The investigative study, conducted by students at the Medill School of Journalism at Northwestern University in Evanston, Ill., found some states and counties have far higher rates of prosecution than others.
Nebraska has the highest rate of shaken-baby cases, the group found, followed by Utah, Oklahoma, Wisconsin and Ohio. Some jurisdictions within those states have much higher rates.
Experts said identifying places with higher rates is only a first step.
"A higher rate, for instance, could mean authorities are being effective in catching the cases when they occur, or it could mean there is a high number of caregivers who are violently shaking infants," the report said. "Bias in the media and misdiagnoses may also be impacting the number of reported accusations."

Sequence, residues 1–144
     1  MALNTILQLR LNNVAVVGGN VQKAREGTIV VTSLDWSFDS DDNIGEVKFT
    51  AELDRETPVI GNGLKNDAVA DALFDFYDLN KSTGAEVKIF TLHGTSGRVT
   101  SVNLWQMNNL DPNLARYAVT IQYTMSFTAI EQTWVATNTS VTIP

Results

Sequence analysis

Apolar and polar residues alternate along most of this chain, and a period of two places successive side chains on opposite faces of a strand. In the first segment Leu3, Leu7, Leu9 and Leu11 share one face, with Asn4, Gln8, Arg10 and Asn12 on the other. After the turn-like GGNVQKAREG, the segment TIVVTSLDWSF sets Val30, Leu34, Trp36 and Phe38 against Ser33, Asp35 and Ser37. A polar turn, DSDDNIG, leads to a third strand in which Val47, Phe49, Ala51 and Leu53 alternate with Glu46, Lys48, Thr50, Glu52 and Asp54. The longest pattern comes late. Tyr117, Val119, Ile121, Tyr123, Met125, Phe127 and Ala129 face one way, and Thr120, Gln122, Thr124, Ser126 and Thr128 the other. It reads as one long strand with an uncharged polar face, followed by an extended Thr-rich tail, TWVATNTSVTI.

In recent years, a number of people convicted of killing or harming infants by shaking them hard have been released. Judges determined the damage could have had other causes, including congenital problems.
The report said that in some counties aggressive prosecutors pursue every case that might be shaken baby syndrome. In others, the opinions of doctors have had a major influence.
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